17 Interesting Facts About Andorra

Andorra is a small country but an extremely interesting one. This tiny country has one of the most unique histories and cultures in Europe, and there’s a surprising amount of interesting tidbits that you’d never assume from a first glance. Let’s dive into a new installment of Facts You Might Not Have Known: Andorra facts edition to learn a few things you should know if you’re booking a trip there, or if you just want to more deeply explore the country’s culture and history. 

1. Andorra is a country.

OK, you probably know this already, but a lot of people out there have no clue that Andorra is actually a country. One woman I spoke with on my trip to Andorra had visited the U.S., and people didn’t believe she could be from a country called Andorra. Yes, it does exist and it’s been around in some form for almost 1,000 years. It has a seat in the United Nations, an Olympic team, and diplomatic relations with other countries. Get the memo out: Andorra is a real country.

2. Andorra is small.

It’s the 16th smallest country in the world by land, and the 11th smallest by population. It is only about a 40km drive from one side of the country to the other. The total population of Andorra is about 85,000, which includes citizens and residents. What’s even more shocking is that despite its small size, the vast majority of the buildings are located at the bottom of the valleys because so much of the land is mountainous.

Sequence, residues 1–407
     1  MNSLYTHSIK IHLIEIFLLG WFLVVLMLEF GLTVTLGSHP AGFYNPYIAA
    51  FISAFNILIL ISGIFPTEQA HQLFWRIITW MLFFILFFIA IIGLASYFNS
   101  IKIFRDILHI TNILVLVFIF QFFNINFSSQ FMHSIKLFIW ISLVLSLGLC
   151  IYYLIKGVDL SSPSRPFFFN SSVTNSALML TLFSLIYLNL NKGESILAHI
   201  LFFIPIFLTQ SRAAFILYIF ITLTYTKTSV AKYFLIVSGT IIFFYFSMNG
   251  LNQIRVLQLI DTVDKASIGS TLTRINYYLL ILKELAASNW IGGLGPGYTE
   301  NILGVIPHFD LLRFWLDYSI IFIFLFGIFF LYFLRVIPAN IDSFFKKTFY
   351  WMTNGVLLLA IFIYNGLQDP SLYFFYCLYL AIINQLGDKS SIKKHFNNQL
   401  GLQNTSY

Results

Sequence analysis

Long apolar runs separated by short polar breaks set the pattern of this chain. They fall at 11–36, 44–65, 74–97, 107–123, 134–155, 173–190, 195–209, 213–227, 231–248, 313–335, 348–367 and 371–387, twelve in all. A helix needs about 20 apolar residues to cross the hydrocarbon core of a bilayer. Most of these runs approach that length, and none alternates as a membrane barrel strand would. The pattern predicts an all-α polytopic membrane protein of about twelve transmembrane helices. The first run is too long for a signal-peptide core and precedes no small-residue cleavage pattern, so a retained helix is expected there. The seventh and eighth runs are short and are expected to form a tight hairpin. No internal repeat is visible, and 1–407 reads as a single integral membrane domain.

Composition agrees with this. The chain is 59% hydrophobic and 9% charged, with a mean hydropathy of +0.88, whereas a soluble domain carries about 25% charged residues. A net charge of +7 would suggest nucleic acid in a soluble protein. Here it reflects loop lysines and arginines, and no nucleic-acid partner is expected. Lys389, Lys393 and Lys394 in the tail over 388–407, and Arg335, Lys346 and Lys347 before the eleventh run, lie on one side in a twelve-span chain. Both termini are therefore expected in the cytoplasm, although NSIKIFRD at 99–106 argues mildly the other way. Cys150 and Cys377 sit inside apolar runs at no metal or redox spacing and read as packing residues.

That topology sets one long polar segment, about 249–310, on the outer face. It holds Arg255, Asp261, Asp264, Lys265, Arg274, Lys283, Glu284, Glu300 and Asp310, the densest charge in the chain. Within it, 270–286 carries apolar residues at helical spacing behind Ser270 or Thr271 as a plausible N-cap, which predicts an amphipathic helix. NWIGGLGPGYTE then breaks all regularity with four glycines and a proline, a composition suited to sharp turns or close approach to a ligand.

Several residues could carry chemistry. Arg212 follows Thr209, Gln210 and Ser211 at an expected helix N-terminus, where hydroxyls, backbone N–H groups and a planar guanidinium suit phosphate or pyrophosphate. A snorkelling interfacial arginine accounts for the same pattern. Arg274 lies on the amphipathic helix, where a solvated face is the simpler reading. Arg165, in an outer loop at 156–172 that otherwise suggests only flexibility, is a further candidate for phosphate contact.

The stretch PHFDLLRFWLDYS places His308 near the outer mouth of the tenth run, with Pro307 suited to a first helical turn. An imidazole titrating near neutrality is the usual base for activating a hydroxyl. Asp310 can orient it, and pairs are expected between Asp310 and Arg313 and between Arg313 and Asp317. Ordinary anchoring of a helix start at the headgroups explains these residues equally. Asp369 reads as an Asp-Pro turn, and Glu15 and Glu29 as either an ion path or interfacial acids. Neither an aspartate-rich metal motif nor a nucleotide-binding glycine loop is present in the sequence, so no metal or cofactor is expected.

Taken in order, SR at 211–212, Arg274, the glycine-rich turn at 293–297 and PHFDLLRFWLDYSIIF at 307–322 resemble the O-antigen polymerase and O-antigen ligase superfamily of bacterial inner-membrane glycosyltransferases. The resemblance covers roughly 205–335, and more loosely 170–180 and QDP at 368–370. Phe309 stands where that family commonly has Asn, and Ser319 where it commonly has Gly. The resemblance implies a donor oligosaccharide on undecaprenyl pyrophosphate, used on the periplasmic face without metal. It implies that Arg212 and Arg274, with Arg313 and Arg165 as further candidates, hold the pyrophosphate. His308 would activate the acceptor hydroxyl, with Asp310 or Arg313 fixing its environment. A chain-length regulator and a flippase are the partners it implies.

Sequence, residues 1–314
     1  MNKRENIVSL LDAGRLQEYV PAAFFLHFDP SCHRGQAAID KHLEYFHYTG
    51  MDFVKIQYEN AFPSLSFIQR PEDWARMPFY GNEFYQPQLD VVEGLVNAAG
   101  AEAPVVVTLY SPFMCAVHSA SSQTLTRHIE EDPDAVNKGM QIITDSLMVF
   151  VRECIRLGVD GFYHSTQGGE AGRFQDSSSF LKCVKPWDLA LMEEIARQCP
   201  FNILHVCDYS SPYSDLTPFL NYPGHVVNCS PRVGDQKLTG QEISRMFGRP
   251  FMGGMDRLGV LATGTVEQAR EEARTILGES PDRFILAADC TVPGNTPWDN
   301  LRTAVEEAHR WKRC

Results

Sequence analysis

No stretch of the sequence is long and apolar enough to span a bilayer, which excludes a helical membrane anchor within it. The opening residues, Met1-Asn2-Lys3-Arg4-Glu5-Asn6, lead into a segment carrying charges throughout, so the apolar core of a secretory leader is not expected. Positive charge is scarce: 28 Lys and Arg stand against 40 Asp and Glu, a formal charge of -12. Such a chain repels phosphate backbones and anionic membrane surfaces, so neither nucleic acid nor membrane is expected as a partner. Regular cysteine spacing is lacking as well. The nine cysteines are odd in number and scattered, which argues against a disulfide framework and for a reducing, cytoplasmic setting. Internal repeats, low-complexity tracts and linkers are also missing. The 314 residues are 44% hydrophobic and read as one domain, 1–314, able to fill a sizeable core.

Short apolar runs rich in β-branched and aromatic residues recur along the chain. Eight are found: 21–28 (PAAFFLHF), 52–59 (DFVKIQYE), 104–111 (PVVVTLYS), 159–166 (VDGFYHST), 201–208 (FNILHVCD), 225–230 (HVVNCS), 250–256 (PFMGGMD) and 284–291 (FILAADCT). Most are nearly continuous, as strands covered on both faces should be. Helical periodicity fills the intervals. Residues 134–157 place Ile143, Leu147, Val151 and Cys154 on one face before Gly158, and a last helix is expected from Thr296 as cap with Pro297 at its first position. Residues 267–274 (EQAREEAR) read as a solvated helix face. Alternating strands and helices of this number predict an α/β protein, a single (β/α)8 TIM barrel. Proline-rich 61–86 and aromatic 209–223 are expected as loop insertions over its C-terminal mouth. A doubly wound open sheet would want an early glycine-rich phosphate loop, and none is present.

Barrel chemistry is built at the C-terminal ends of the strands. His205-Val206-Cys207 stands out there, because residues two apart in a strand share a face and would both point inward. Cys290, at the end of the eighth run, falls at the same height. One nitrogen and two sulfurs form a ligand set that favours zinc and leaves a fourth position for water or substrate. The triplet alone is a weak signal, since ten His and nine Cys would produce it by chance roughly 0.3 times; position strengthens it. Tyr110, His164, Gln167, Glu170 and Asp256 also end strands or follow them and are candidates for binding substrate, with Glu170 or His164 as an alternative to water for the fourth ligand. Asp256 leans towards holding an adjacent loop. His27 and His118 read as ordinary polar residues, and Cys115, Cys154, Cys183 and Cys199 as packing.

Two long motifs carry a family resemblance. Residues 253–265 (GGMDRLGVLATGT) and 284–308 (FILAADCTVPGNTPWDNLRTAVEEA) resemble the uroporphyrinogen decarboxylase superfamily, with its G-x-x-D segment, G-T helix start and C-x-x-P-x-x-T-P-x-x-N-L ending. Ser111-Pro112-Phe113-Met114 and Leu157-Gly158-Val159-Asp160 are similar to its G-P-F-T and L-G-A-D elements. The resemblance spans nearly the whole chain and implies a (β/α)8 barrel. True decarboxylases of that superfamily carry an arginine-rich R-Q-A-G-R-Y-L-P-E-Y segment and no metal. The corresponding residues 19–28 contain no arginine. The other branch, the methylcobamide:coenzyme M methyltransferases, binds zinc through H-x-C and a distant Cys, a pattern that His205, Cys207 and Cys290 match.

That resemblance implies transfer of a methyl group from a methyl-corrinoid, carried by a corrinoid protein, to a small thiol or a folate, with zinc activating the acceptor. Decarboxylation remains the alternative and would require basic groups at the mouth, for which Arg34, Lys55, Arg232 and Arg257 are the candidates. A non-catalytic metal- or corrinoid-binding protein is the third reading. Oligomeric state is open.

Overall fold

3. Andorra produces a lot of tobacco.

One fact that surprised me here is how much tobacco Andorra produces. It takes up a lot of what little farming space exists there. There used to be a cigarette factory in Andorra, and because of its status as a tax haven, you can purchase cigarettes there much cheaper than you can in Spain or France. Cigarette smuggling has been a long problem (tradition) in Andorra—people would head to the mountaintops to take smokes into Spain or France. Andorra is also one of the few places in Europe where you can still smoke indoors in public places.

View of stone houses and fields from a mountain in Andorra
View of stone houses and fields from a mountain in Andorra.

4. Andorra is the world’s only co-principality.

A principality is a place ruled by a prince. Monaco is an example of a principality. Andorra, however, is a co-principality. They have two princes who jointly share the title of prince. Surprisingly, neither of the two princes are from Andorra. One prince is the President of France, Emmanuel Macron. The other co-prince is the Bishop of Urgell, who is currently Joan Enric Vives Sicília. The position is a constitutional one similar to the British Monarchy and holds no real power. Except for limited things, the two princes must exercise their authority together, not separately. This is the only country where one of their heads of state (the President of France) is democratically elected by another country. The other prince, the bishop, is appointed by the head of state of another country (the Pope).

5. Andorra is the only country in the world with Catalan as its official language.

Catalan is spoken in regions of Spain, bits of France, and an even smaller chunk of Sardinia. However, Andorra is the only country using Catalan as the official language. I’m sure there are many people in Catalonia, however, who would like there to be at least one more country with that designation. :)